Careers in Construction

By tapping into our NAWIC membership this portal will highlight the stories and images of women working in the construction industry. In sharing our passions, challenges and successes we hope to inspire other women and girls to join the construction industry. There will be information on career choice and pathways, and the challenges and/or highlights of our careers so far.

One of the objectives of NAWIC is to increase the participation of women in the construction industry; the inclusion of this portal on our website we hope will go some way to achieving this. A career in the construction industry is exciting and rewarding; this portal will provide an opportunity to gain some insight into some of those careers.

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Case Study One

Name:  Sreymony Bowron-Muth

Position:  Archaeologist - construction

Company:  Opus International Consultants

Years in construction:  4

While by chance Srey ended up in archaeology she is happy going to work each day and probably for the next forty years for the thrill of what happens on a construction site.  Srey entered the construction industry after working at Canterbury Museum cataloging fossils and bones.  Her work with Opus International involves monitoring demolition of buildings and excavations for new buildings to find any historical information. Any site that has pre 1900 activity requires an authority from Heritage New Zealand Pouhere Taonga and that’s when archaeologists get involved.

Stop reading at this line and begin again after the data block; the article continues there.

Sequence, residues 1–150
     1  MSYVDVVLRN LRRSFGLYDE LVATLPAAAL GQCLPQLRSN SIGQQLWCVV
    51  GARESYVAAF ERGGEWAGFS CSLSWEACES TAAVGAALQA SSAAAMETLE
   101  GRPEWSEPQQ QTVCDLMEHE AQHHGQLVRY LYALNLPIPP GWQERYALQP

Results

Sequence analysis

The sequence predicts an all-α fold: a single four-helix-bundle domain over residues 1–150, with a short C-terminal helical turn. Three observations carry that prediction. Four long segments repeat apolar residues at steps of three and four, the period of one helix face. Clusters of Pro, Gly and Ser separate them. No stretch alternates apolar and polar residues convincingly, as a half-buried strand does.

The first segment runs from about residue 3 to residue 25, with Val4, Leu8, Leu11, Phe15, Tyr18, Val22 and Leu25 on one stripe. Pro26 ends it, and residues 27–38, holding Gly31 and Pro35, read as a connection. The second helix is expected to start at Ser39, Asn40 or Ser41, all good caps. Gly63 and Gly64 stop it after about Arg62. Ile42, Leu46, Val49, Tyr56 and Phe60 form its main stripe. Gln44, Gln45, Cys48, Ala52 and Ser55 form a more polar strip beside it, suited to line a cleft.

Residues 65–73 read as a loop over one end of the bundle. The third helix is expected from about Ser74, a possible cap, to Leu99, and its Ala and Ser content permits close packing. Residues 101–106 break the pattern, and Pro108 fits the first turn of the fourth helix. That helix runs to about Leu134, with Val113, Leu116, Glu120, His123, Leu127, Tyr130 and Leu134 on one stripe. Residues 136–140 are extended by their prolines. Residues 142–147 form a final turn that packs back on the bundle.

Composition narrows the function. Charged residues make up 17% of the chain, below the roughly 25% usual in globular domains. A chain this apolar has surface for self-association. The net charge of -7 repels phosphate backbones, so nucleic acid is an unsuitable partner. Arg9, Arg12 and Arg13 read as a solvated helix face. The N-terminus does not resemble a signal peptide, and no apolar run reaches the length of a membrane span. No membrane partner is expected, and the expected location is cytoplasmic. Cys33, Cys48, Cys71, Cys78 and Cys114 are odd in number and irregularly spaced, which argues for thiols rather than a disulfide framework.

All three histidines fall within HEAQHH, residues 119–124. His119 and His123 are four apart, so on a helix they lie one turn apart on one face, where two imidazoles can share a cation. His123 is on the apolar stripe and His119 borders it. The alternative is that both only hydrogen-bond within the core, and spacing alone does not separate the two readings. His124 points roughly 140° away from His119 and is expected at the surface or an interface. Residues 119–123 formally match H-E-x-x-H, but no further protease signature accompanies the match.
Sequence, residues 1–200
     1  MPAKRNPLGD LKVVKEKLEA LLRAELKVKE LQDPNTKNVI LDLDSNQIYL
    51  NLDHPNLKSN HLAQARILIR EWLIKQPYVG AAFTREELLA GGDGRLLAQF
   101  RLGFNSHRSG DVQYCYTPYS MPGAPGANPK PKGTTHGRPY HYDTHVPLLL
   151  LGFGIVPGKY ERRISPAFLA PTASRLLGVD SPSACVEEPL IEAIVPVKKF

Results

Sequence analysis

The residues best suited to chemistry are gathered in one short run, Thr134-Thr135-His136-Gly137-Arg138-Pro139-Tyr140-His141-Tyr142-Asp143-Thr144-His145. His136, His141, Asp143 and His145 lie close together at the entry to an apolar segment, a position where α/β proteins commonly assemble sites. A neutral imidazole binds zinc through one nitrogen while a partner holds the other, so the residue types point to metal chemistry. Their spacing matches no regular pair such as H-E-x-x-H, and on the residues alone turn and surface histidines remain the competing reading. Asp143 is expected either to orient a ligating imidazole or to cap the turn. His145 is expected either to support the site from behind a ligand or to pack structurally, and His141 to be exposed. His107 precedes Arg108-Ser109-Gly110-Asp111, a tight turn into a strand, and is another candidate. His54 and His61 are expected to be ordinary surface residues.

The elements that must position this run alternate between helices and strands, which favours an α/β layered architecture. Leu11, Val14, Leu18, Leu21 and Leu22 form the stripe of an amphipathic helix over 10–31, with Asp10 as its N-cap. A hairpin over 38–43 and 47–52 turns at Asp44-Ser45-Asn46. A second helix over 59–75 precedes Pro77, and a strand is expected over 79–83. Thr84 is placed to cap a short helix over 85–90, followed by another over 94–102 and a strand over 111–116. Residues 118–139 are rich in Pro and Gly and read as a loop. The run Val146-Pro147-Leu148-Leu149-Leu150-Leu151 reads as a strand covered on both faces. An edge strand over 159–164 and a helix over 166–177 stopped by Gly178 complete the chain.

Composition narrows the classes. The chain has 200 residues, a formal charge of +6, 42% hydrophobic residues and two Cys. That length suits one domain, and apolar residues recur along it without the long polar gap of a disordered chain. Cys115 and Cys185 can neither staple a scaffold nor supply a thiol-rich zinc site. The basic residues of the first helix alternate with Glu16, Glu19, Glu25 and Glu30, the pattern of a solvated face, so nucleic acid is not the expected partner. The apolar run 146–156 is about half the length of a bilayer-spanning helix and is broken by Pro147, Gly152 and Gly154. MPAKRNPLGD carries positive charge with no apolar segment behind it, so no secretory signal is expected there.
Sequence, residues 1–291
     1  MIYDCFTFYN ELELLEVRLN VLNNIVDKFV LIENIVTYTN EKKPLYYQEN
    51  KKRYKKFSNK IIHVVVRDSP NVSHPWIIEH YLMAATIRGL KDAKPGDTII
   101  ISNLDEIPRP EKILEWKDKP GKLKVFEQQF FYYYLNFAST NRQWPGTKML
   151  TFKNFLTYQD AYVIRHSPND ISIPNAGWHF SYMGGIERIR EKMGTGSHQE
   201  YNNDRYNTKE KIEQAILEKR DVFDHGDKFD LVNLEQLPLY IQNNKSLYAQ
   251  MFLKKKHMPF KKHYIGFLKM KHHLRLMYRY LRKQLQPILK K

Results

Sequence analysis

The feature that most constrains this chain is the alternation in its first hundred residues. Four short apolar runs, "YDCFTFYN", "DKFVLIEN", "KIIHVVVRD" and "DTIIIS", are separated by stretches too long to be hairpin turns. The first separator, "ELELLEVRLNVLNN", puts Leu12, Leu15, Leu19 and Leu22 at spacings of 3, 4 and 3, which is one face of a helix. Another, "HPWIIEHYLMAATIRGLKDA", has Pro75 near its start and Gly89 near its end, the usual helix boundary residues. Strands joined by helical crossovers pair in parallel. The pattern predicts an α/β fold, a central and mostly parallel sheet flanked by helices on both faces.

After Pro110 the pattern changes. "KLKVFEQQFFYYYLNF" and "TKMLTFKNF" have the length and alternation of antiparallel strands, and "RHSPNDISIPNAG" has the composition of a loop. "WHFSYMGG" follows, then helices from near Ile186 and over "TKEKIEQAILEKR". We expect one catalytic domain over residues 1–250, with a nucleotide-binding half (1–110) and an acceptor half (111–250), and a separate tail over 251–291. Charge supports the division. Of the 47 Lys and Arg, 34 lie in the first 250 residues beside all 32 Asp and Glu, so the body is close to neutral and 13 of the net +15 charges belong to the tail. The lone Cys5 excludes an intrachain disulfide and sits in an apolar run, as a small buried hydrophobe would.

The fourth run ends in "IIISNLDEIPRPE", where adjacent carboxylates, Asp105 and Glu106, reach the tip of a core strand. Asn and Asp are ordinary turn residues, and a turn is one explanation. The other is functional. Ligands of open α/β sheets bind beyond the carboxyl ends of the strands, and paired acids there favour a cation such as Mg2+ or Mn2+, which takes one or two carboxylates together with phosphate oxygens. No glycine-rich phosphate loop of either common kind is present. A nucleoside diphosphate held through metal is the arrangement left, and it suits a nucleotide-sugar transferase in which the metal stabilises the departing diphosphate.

On a typical day Srey works with digger drivers, drain layers and labourers standing on the side of trenches being excavated, watching for bones and artifacts to pop up. Srey has worked on a range of construction sites from roading and walkways to commercial high rise.  She's recently worked on a number of demolition sites in Christchurch. Srey has uncovered Maori coastal shell middens and 19th Century household artifacts.  Her work involves a fine balance between preserving our past and making way for new developments.  She enjoys working outdoors and on site, and finds watching something significant develop is rewarding.

To become an archeologist Srey studied for five years completing a Masters in Archeology at Otago University. At school she recommends doing Maths, English and Science, and perhaps Maori, but a general education is important.

Image by Margaret Yiannoutsos.